In their article In Search of CRM Part 1: Understanding Constituents and Processes, Idealware breaks this down into three steps:

      1. Identify your constituent groups

In addition to donors and volunteers you may track other groups such as clients, retail customers (if you sell products), program alumni, vendors, etc.

      2. Outline your processes

For each constituent, map out the interactions you have with them. This can take some time to do, however, as Idealware points out you may discover ways to improve your processes without even having to make a technology investment. The article gives examples of both simple and involved outreach, donation and service processes.

      3. Understand your process mix

Prioritize the constituents and processes you have identified. This will guide you when it comes to choosing a system, since no system will really be able to do everything (though they may claim to be able to). You want to focus on the areas that will yield high value for your organization.

To illustrate this process in more detail, walk through Idealware’s step-by-step decision making workbook, Do You Need a New Donor Management System?. While it is specifically geared towards donor management systems, the process it walks you through can be applied more broadly to CRM.

What options are available?

Idealware’s follow up article outlines some of the main CRM options and their specialties:


Common CRM focuses with example vendors

For more information on some of the popular systems, see A Few Good Tools: Low-Cost Constituent Databases. You may also want to look into tools that are more popular in Canada such as Sumac.

With any tool there are many features to consider. To make sure your bases are covered, use a feature checklist when evaluating possible systems. One good resource is the CRM Evaluation Criteria Worksheet developed and made available by AlterSpark Consulting.

Approaches to CRM Systems

From a technical perspective, there are three main approaches to CRM. With all of these options, consider your budget, staff time and IT staff (or lack thereof). Also keep in mind the long term - will your system be able to grow with you?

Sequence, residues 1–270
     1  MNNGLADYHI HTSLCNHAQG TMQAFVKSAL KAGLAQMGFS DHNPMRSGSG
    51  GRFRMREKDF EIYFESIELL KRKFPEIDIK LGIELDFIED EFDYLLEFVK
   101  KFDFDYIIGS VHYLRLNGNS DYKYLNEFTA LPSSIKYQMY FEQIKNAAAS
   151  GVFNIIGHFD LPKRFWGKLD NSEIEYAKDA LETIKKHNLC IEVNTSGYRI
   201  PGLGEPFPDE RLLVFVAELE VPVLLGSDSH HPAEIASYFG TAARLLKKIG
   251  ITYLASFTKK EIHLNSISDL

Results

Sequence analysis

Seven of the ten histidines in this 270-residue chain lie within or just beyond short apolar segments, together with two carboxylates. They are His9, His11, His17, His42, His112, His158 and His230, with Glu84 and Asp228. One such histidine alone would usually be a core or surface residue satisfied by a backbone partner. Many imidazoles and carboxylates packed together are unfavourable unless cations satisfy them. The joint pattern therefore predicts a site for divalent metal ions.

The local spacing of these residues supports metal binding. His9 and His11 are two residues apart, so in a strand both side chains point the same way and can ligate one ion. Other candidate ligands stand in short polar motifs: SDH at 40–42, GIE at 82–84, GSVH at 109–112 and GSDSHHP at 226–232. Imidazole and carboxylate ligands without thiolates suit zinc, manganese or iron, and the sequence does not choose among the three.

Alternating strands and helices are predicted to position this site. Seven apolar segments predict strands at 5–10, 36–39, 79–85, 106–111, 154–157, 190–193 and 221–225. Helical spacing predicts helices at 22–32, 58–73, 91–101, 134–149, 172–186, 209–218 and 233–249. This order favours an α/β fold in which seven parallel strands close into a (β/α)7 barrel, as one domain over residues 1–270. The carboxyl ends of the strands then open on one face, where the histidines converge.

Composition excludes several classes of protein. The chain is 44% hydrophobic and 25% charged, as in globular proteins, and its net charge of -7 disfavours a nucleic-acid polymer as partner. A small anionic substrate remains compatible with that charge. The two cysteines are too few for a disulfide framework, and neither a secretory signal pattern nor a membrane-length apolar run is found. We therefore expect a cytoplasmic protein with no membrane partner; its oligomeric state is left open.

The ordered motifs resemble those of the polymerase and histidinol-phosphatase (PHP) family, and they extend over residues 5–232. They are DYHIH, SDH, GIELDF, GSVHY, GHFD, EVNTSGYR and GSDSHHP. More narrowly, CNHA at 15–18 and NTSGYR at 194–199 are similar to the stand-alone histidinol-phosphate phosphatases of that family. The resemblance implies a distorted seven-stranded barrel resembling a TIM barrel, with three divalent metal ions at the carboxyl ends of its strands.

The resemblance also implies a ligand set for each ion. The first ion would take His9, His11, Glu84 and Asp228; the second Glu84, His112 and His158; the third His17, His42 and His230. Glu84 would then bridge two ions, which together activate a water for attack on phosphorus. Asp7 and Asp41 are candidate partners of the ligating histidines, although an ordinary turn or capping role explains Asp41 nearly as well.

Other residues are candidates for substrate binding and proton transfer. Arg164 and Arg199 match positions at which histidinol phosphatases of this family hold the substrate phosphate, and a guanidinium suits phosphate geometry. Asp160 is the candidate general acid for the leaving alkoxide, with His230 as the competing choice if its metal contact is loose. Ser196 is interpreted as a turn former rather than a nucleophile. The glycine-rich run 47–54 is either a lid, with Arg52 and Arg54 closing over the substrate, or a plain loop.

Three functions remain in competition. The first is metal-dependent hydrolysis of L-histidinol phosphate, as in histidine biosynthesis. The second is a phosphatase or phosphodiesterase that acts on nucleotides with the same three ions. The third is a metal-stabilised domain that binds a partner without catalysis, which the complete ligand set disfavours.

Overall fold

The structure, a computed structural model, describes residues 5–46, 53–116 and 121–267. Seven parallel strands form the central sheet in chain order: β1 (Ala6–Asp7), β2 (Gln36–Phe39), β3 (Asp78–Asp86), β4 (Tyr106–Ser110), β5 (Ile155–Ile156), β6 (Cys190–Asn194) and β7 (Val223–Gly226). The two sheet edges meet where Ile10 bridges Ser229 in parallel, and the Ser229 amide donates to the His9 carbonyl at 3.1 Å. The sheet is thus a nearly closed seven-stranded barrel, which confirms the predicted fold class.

1. One centralized application

All relationships are tracked in one system. On the plus side, all the data will be integrated by default because you only have one system. However, as illustrated in the diagram above, no one system will be good at everything. By prioritizing your needs you can pick the system that is the best match for your organization. You can also customize the system so it fits with your processes. In general, this option is better for small-medium organizations.

      2. Direct integration between different systems

If you already use specialized systems such as a donor management system, a case management system, a volunteer management system, etc., you may want to consider integrating the data between the different systems. For example, if one of your donors is also a volunteer then updating that person’s address in your donor database should automatically update your volunteer management system. Unless your systems come from the same vendor who also provides this integration, this probably isn’t a simple exercise and you will definitely need help from your IT staff or external consultants. This option is most appropriate for medium to large organizations who have a need for more robust, specialized tools and have the resources to carry out and maintain this integration.

      3. Data Warehousing

This option lets you keep your specialized systems while also integrating all the data in a central location (your warehouse), which will allow for sophisticated reporting and analysis. You can learn more about this option in Data Warehousing for Nonprofits. Given the significant resources (in terms of IT skills, time and cost) required to create and maintain a data warehouse, this option is most suitable for large nonprofits.